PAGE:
According to moms everywhere, yes, cold weather increases the risk for the common cold. “You have to bundle up before you go outside or you’ll catch a cold,” they tell us. But is that claim true? Are we more susceptible to colds when the temperature drops?
A team of Yale University researchers examined that question more carefully. And their results won’t surprise mom. In their experiment, the team found that subjects were more susceptible to rhinoviruses – a major cause of colds – when their noses were cold.
The only catch? The subjects were mice.
Essentially, the study found that when the cells in the subjects’ noses were at normal body temperatures, the mice were able to detect the virus and alert the immune system. But when the cells were colder – which would happen after spending time in the cold – the nose didn’t detect the virus and didn’t alert the immune system. Cold weather completely disrupted the body’s natural defense system.
So what our moms have been telling us all along could very well be true – cold weather might just increase the risk that you catch a cold. (Of course, the research team warned that further tests needed to be done on humans, but now they have a hypothesis for future studies.)
So what can you do to keep you and your family healthy?
DripDrop ORS has medically-relevant levels of the electrolytes necessary to bring your body back into balance after periods of stress. Each serving has 110% the suggested daily dose of Vitamin C and 10% Zinc, which, when taken before the onset of a cold, have been shown to shorten it's length. DripDrop ORS can also be made with warm or hot water, to warm you up and fully hydrate you after a cold day outside.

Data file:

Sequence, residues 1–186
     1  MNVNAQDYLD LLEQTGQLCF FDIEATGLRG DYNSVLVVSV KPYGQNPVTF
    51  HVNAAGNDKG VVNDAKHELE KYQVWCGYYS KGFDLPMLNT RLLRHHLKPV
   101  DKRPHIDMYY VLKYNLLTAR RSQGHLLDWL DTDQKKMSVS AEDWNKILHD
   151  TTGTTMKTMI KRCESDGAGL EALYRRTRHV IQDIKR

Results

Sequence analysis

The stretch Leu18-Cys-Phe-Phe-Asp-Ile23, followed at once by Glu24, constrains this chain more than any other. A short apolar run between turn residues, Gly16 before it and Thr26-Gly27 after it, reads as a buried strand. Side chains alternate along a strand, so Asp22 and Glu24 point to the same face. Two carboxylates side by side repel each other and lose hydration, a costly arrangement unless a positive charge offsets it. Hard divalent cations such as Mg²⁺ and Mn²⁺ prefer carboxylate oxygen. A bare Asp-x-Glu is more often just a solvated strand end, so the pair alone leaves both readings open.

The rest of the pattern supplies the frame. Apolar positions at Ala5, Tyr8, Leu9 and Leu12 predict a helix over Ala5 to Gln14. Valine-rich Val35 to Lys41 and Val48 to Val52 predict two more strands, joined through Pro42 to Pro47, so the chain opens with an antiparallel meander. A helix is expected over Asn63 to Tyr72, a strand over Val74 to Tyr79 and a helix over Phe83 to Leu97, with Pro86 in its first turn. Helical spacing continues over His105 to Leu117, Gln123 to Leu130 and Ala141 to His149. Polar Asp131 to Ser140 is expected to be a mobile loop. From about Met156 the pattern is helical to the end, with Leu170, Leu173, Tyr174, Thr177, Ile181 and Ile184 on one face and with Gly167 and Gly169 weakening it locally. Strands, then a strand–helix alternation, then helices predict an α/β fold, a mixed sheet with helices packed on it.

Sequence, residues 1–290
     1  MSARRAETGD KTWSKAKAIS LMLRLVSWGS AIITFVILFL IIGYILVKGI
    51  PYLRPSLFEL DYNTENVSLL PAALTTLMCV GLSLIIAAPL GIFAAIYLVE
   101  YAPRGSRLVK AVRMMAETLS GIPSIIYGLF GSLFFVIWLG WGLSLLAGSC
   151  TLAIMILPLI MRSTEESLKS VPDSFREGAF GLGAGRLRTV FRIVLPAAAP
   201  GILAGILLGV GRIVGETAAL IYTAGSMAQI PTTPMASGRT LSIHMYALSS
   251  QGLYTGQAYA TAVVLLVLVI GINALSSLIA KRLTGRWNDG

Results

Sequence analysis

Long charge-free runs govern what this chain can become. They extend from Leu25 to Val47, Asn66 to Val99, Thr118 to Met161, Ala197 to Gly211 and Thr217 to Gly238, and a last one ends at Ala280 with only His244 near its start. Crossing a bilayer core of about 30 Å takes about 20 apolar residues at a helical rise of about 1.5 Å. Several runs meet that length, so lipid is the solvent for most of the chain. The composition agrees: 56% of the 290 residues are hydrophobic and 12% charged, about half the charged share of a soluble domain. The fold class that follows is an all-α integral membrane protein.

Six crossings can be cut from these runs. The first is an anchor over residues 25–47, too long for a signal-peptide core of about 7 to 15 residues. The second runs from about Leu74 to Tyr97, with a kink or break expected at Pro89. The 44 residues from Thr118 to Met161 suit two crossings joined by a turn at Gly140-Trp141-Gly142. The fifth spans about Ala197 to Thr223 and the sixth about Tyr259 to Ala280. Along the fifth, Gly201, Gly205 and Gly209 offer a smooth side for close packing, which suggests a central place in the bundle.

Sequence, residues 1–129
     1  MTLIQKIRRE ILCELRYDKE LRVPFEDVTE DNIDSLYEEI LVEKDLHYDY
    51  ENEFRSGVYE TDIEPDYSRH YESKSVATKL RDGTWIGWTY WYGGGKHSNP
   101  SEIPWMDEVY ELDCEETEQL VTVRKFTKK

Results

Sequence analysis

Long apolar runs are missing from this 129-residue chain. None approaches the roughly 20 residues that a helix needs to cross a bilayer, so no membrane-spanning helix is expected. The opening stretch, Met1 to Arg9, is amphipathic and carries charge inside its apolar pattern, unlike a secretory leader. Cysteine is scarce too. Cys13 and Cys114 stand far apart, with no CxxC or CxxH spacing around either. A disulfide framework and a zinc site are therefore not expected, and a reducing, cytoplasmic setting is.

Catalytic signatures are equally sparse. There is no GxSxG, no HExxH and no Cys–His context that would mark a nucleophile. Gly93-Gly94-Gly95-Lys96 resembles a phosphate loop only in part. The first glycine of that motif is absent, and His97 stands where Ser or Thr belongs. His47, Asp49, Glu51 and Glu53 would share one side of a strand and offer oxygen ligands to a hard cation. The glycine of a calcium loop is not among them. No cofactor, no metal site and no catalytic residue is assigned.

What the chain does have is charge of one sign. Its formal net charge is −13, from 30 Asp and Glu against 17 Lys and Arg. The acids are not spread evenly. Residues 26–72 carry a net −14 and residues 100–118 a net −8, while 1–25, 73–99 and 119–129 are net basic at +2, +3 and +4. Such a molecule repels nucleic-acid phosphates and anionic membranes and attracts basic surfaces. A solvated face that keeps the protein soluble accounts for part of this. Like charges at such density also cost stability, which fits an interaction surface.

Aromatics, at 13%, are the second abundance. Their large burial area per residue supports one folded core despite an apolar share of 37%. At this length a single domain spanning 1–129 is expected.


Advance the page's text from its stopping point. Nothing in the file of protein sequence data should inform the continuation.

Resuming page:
Want more advice? These tips are good ones to remember, especially during peak cold & flu season!
1. Bundle up
The study’s lead author Aikio Iwasaki said that there might be some truth to the old wives tale – bundle up to prevent a cold – and covering the nose and face might be an effective strategy. This is especially important when temperatures are very cold, Iwasaki said, because the study found that the colder the temperature, the more susceptible the nose might be to rhinovirus.
2. Drink up
In addition to covering the nose, hydration is another important strategy for preventing colds. There’s evidence that dehydration can cause an increase in the body’s cortisol levels, a natural stress hormone. The heightened cortisol levels can suppress the immune system, making us more susceptible to colds.
3. Clean up
Finally, good hygiene is another important strategy for preventing colds. That includes regular hand washing and cleaning surfaces that people regularly come in contact with. This in addition to a healthy diet, getting enough sleep, and zinc supplements are all recommended for preventing colds.